Friday, July 22, 2011

Born This Day: Gregor Mendel

From Today In Science History:

Mendel (July 22, 1822 – Jan. 6, 1884) was an Austrian pioneer in the study of heredity. He spent his adult life with the Augustinian monastery in Brunn, where as a geneticist,
botanist and plant experimenter, he was the first to lay the mathematical foundation of the science of genetics, in what came to be called Mendelism.

Over the period 1856-63, Mendel grew and analyzed over 28,000 pea plants. He carefully studied for each their plant height, pod shape, pod color, flower position, seed color, seed shape and flower color. He made two very important generalizations from his pea experiments, known today as the Laws of Heredity. Mendel coined the present day terms in genetics: recessiveness and dominance.

Wednesday, July 20, 2011

Born This Day: Sir Richard Owen

From Today In Science History:

Owen (July 20, 1804 – Dec. 18, 1892) was an English anatomist and paleontologist who is remembered for his contributions to the study of fossil animals and for his strong opposition to the views of Charles Darwin.

He coined the word "Dinosaur" meaning "terrible reptile" (1842). Owen synthesized French anatomical work, especially from Cuvier and Geoffroy, with German transcendental anatomy. He gave us many of the terms still used today in anatomy and evolutionary biology, including "homology". In 1856, he was appointed Superintendent of the British Museum (Natural History).

[ a palaeoblog autopost]

Monday, July 18, 2011

The Paleo-Loner

The blog is mostly quiet this summer due to field work and research commitments, but I will pop back in from time to time with a few updates as access to the internet allows.

For starters here's a link to an on-going dino-comic by Jim Lawson at his blog, Paleo-Loner

Tuesday, July 05, 2011

Died This Day: Carol Landis

Jan. 1, 1919 - July 5, 1948
Born Frances Lillian Mary Ridste, Carole quit school at 15 go into show business. She had bit parts until 1940 when Hal Roach cast her as the cave girl, Lorna, along side leading man Victor Mature in One Million B.C., the film that made her a star.

Landis became a popular pin-up with servicemen during World War II. She was an accomplished writer; her 1944 book Four Jills in a Jeep was later made into a movie. After a turbulent love life she commited suicide at age 29.

Born This Day: Ernst Mayr

Any student of biology, or anyone with an interest in the natural world, will be familiar with Ernst Mayr who passed away on February 3rd in Bedford, Mass. Born in Kempton, Germany he joined the American Museum of Natural History as a curator in 1931. In 1953 he left the museum to work at Harvard University where he stayed until his retirement in 1975.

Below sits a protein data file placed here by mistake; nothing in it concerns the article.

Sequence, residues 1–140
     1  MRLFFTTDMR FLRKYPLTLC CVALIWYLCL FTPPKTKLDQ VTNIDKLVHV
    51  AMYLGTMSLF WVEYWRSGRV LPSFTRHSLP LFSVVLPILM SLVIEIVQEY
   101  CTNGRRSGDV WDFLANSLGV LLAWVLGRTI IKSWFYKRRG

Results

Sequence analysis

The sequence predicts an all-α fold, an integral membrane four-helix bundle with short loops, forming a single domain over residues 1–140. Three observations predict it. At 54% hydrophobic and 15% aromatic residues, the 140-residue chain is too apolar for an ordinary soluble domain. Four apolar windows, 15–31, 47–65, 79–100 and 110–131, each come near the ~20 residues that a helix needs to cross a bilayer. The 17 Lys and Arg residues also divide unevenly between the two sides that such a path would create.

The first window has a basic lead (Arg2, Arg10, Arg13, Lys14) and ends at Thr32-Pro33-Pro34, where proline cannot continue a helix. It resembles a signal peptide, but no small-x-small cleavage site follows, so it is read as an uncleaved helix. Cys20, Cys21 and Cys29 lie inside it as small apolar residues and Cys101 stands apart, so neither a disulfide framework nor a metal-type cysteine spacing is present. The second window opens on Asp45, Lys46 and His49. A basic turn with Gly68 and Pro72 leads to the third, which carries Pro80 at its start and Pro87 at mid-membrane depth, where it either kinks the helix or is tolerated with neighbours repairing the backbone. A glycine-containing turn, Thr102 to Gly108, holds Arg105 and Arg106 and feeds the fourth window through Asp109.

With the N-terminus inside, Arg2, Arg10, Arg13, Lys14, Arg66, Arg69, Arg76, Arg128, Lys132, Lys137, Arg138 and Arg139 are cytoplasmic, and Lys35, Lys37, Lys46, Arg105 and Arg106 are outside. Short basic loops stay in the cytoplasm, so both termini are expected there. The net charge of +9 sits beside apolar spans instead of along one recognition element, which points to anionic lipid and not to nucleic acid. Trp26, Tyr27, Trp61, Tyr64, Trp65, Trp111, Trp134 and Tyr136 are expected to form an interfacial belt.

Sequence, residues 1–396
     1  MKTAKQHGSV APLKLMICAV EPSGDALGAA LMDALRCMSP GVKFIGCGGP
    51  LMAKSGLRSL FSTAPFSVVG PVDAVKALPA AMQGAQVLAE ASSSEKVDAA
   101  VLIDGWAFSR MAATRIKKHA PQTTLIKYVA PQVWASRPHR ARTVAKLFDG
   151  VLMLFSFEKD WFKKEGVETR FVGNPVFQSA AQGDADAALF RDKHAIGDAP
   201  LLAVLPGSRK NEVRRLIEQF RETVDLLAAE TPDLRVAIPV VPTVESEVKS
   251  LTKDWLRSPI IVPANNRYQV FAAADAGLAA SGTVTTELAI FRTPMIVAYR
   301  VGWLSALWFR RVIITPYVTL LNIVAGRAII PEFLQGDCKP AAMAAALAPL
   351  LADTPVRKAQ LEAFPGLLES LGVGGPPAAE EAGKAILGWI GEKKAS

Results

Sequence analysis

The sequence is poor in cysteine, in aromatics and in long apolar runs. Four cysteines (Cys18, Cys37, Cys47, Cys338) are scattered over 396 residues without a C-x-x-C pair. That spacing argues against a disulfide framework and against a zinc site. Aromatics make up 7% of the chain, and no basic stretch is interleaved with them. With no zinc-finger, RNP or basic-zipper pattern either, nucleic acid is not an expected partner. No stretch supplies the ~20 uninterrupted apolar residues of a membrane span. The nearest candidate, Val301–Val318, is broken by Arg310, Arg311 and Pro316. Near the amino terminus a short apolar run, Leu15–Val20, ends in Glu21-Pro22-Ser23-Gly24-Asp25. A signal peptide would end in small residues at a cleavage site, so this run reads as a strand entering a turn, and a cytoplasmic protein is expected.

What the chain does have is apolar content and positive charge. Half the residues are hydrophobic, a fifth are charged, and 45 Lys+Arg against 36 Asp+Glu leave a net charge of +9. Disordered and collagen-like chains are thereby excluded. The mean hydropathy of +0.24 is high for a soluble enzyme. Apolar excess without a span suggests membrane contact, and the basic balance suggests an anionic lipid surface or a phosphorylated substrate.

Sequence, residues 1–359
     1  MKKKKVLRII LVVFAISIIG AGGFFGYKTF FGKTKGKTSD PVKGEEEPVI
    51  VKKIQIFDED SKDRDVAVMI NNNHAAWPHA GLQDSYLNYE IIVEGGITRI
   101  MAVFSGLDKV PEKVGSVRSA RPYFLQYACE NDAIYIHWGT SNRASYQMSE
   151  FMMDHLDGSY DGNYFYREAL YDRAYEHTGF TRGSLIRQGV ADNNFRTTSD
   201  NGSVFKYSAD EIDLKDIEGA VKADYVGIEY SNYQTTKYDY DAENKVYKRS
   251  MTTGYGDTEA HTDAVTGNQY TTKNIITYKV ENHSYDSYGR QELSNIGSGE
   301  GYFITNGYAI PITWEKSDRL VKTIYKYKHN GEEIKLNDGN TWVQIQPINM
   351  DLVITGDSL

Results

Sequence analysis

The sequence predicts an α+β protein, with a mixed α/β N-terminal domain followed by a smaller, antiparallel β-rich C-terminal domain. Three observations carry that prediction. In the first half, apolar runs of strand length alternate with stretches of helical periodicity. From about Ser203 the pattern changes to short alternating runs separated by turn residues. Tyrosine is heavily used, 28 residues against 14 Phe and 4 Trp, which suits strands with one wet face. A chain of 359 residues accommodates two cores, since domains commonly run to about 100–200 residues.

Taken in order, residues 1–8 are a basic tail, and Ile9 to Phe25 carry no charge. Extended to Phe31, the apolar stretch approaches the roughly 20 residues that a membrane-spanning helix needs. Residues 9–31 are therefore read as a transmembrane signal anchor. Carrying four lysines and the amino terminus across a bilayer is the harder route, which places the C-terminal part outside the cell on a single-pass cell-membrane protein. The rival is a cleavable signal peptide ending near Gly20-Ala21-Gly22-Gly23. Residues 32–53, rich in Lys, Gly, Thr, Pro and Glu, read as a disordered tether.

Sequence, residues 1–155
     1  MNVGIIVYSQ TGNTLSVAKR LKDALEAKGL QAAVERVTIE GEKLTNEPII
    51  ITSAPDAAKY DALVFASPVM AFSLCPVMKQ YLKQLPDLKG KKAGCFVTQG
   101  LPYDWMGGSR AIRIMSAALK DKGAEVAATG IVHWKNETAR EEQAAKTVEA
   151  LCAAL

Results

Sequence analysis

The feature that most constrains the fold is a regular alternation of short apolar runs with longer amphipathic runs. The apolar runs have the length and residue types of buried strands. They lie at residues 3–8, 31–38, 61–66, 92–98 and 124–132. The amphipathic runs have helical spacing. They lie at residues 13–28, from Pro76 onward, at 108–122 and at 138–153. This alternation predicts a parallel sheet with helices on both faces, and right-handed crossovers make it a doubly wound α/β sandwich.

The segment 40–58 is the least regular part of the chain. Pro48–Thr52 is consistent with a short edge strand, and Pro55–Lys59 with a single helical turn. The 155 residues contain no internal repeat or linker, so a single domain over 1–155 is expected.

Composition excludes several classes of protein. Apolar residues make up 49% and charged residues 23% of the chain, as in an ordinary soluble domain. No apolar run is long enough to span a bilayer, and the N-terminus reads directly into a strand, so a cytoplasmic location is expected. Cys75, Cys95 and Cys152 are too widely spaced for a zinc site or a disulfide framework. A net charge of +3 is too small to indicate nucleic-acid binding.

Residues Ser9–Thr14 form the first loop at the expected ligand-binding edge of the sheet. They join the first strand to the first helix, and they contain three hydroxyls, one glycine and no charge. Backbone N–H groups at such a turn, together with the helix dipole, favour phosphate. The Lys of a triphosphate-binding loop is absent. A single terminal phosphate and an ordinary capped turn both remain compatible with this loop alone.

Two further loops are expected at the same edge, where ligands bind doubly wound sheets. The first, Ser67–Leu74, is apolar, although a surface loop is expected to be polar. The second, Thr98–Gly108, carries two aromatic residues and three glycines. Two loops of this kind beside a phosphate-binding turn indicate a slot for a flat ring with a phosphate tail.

While working on the problem of speciation in the birds of New Guinea, Mayr realized that the multitude of species and and subspecies that he saw could best be explained as being a snapshot of evolution in action. He suggested that new species could arise when the range of one species was fractured long enough for members in different parts of the range to evolve characters that would not allow individuals to reproduce when they were brought back together again. This lead to him developing the “biological species concept” in which species are defined as populations of interbreeding organisms rather than just a collection of characters. This idea, along with his theory of “allopatric speciation” was published in his book “Systematics and the Origin of the Species” (1942) and later contributed to the “Punctuated Equilibrium” theory of Niles Eldredge and Stephen Jay Gould.

Ernst Mayr was himself inspired by the work of geneticist Theodosius Dobzhansky on the fruit fly Drosophila melanogaster and his book “Genetics and the Origin of the Species” (1937). These two men, together with the paleontologist George Gaylord Simpson, combined the sciences of genetics, zoology and paleontology into what is now known as “the new synthesis” that provides the modern experimental underpinning to the concepts that Charles Darwin presented in his book, “On the Origin of the Species” .

For anyone interested in learning more about modern evolutionary theory I’d recommend Mayr’s recent book “What Evolution Is” (2002). It’s written in an engaging and readable format from the perspective of someone who’s thought about evolution all his life.

[ a palaeoblog autopost]